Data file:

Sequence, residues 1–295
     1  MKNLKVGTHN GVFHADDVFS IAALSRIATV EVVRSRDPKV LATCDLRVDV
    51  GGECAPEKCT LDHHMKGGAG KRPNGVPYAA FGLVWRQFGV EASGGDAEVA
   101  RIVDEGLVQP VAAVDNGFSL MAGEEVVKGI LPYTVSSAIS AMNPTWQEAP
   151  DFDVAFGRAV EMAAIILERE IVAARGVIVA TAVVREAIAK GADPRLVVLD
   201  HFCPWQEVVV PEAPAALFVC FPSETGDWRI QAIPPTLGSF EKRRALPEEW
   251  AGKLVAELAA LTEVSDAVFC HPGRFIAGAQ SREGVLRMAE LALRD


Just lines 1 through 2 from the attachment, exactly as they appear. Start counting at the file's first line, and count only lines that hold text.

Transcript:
Sequence, residues 1–295
     1  MKNLKVGTHN GVFHADDVFS IAALSRIATV EVVRSRDPKV LATCDLRVDV